“Solving problems is important – coping with surprises is important, talking about how you did it is fundamental. So you have to have those [reflection and articulation]. That’s a key role for parents in all this. Parents will never be any good at skateboarding, but there are things you can say about road safety. Teachers will never be any good at skateboarding, but they can talk about [the] physics [of skateboard tricks]. Parents will never be as good as their children at videogames, but they have a key role in all of this, and it’s that role of asking and listening.” But there’s one important caveat, I think: We don’t talk with them *all* the time – not so much that they have no time to play and be immersed in that “cycle of iteration.”

Not just parents, of course, but anybody who cares for and about kids, because those who care are the ones most likely to listen. “Families and parents and grandparents are a key part of learning,” Heppell says, “one of those untapped resources that are going to be so important to us over the next few years.”

Related links: Working from the inside out

  • I’m seeing a trend and a theme as I listen to Heppell. A year ago I wrote about how we figure out children’s online safety from the inside out (the kid out), and now I’m hearing Heppell say that education reform is going to happen that way – from the inside out, from small to big….
  • In this keynote at an education conference in southern Indiana, EVSC eLearning Revolution, Heppell talks about his school design and redesign projects in small towns and communities in China, Norway, Singapore, Denmark, the UK, etc. Successful schools are “all about communities, memberships, collegiality and mutuality. They’re all about small groups of people getting together to transform learning from the bottom up. Whatever happens at the national level almost doesn’t matter, apart from the resourcing, because the innovation that’s driving all this forward is down at the school level, down at the district level, the community level, indeed will be at the family level.”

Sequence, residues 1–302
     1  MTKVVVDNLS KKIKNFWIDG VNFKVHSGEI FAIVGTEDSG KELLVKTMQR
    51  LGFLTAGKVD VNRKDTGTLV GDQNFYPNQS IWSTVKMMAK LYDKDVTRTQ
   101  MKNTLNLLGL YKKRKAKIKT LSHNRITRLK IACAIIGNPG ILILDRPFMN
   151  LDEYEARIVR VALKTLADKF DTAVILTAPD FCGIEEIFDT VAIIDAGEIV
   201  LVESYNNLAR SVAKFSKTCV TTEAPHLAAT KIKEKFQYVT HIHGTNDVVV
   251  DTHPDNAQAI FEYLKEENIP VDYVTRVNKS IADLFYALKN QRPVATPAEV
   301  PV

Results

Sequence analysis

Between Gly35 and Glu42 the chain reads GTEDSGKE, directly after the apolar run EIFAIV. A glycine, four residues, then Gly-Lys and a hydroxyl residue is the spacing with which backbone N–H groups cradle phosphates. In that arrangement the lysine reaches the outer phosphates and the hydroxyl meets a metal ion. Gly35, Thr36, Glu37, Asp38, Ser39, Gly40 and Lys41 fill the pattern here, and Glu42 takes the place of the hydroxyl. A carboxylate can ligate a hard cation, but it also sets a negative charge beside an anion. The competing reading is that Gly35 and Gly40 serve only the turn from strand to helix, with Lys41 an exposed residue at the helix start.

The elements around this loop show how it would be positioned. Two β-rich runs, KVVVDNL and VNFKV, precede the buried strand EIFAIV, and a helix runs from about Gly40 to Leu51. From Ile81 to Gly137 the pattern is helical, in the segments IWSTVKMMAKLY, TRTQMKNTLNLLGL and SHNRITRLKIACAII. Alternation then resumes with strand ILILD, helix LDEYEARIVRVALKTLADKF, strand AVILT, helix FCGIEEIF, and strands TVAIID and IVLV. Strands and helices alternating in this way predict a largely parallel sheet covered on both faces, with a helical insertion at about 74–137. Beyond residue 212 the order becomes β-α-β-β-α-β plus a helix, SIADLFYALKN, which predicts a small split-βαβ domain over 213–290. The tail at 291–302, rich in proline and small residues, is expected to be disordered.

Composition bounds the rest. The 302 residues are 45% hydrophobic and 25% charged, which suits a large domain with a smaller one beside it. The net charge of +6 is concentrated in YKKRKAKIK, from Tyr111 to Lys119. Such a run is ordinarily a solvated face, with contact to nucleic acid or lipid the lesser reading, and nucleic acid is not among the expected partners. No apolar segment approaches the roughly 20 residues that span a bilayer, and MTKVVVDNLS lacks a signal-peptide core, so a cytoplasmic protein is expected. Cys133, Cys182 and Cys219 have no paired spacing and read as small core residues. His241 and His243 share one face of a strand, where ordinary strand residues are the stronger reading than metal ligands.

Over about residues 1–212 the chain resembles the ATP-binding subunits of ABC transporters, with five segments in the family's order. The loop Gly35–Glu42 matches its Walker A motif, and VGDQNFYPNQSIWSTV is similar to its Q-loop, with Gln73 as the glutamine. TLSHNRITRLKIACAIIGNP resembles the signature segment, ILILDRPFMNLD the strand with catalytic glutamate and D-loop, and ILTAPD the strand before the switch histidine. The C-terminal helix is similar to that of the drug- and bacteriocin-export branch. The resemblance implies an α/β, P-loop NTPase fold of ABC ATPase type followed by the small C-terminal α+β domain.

• But we can’t forget to be playful: See an earlier post of mine about the protective as well as rewarding powers of play, featuring psychiatrist Stuart Brown.

Readers, this is Part 2 of a two-part series on families and video gaming. Here’s Part 1: “Powerful play: A mom & son in World of Warcraft.”

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5 Comments Post a comment
  1. Pam #

    I love your article – my son is 14 i am 54 and we play together. I couldn’t believe how complex this world was – and initially used it as an excuse for him to up his school performance – but I feel lucky to have been able to join him and to still be a parent through it all. One of the big things – it has taught me respect – there is no age stratification, there are life lessons in almost every aspect of the game – socialising, planning, maths, seeking out information, strategy, manners and mutual respect – its really endless – I would say that “what parents can do about it” is to join them – even if its just a bit – get an understanding of what they are spending all these hours doing! My relationship with my son (and daughter for that matter) has become exactly that – > respectful and more real!

    September 17, 2013